Neurogenetics

, Volume 2, Issue 4, pp 219–226

Genetic studies in autistic disorder and chromosome 15

Authors

  • M. P. Bass
    • Department of Medicine, Duke University Medical Center, Durham, North Carolina, USA
  • M. M. Menold
    • Department of Medicine, Duke University Medical Center, Durham, North Carolina, USA
  • C. M. Wolpert
    • Department of Medicine, Duke University Medical Center, Durham, North Carolina, USA
  • S. L. Donnelly
    • Department of Medicine, Duke University Medical Center, Durham, North Carolina, USA
  • S. A. Ravan
    • W.S. Hall Psychiatric Institute, University of South Carolina, Columbia, South Carolina, USA
  • E. R. Hauser
    • Department of Medicine, Duke University Medical Center, Durham, North Carolina, USA
  • L. O. Maddox
    • Department of Medicine, Duke University Medical Center, Durham, North Carolina, USA
  • J. M. Vance
    • Department of Medicine, Duke University Medical Center, Durham, North Carolina, USA
  • R. K. Abramson
    • W.S. Hall Psychiatric Institute, University of South Carolina, Columbia, South Carolina, USA
  • H. H. Wright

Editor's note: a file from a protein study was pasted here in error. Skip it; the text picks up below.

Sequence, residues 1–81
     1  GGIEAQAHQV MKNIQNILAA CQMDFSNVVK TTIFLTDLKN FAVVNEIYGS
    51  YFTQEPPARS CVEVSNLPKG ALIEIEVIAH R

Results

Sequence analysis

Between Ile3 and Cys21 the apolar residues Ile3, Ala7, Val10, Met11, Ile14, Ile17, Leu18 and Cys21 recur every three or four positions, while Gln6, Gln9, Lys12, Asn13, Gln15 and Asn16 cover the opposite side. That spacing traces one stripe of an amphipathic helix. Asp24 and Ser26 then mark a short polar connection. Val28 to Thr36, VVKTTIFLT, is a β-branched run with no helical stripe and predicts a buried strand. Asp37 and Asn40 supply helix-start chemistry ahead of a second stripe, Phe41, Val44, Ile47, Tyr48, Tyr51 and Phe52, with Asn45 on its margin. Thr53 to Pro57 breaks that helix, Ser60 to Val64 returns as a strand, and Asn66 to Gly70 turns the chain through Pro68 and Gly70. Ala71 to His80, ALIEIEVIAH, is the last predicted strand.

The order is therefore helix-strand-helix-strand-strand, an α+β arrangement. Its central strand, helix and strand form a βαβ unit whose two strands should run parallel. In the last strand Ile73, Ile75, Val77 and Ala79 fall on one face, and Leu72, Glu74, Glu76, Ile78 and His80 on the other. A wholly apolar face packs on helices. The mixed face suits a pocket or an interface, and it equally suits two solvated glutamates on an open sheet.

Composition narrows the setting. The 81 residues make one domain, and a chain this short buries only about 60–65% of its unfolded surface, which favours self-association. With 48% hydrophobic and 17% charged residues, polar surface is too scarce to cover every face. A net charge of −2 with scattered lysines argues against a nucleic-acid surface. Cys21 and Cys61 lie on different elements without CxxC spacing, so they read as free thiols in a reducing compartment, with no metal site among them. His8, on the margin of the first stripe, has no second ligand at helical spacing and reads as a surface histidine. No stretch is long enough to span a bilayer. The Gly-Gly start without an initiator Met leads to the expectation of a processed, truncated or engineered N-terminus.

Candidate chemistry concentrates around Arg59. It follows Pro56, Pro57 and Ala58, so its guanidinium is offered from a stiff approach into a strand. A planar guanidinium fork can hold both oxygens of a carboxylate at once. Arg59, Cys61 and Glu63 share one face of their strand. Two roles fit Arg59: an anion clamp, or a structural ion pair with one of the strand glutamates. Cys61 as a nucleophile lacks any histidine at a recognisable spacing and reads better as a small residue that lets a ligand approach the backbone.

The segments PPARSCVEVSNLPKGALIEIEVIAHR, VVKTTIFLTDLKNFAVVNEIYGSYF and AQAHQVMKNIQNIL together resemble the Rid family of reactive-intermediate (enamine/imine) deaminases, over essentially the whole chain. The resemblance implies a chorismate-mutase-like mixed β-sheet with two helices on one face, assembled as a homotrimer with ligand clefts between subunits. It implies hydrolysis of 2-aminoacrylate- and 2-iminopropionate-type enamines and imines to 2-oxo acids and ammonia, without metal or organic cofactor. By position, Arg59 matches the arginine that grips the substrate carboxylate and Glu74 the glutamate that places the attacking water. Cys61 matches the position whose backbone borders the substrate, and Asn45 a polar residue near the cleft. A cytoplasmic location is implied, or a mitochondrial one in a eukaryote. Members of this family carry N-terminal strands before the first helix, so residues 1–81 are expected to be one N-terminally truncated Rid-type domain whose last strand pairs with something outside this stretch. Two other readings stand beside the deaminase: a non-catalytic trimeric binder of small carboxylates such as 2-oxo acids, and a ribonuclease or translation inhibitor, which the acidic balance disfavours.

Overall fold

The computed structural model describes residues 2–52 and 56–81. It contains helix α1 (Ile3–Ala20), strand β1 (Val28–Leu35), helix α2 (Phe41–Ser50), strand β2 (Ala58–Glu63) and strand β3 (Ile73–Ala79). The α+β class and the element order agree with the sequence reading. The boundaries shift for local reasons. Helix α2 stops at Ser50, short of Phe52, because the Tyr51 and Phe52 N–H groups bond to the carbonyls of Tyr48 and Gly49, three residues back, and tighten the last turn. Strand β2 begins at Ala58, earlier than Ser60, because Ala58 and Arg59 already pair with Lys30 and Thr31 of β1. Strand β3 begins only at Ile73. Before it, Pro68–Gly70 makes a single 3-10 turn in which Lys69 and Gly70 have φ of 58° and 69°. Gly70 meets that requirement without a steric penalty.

• W.S. Hall Psychiatric Institute, University of South Carolina, Columbia, South Carolina, USA
  • J. R. Gilbert
    • Department of Medicine, Duke University Medical Center, Durham, North Carolina, USA
  • M. L. Cuccaro
    • W.S. Hall Psychiatric Institute, University of South Carolina, Columbia, South Carolina, USA
  • G. R. DeLong
    • Division of Neurology, Pediatrics, Department of Medicine, Duke University Medical Center, Durham, North Carolina, USA
  • M. A. Pericak-Vance
    • Department of Medicine, Duke University Medical Center, Durham, North Carolina, USA
Original article

DOI: 10.1007/s100489900081

Cite this article as:
Bass, M., Menold, M., Wolpert, C. et al. Neurogenetics (2000) 2: 219. doi:10.1007/s100489900081

ABSTRACT¶Autistic disorder (AD) is a developmental disorder affecting social interactions, communication, and behavior. AD is a disease of complex genetic architecture. It is postulated that several genes contribute to the underlying etiology of AD. Chromosome 15 is of particular interest due to numerous reports of AD in the presence of chromosomal abnormalities, located mainly in the 15q11-q13 region. There are also a number of plausible candidate genes in this area, including the gamma-aminobutyric acidA (GABAA) receptor gene complex. We have undertaken a study of this region of chromosome 15 in a data set of 63 multiplex families (with 2 or more AD affected individuals per family). We found evidence in support of linkage to the 15q11-q13 region, as well as evidence of increased recombination in this region. These findings provide further support for the involvement of chromosome 15q11-q13 in the genetic etiology of AD.

Key words Autistic disorderChromosome 15q11-q13LinkageIncreased recombinationGamma-aminobutyric acidA

Copyright information

© Springer-Verlag Berlin Heidelberg 2000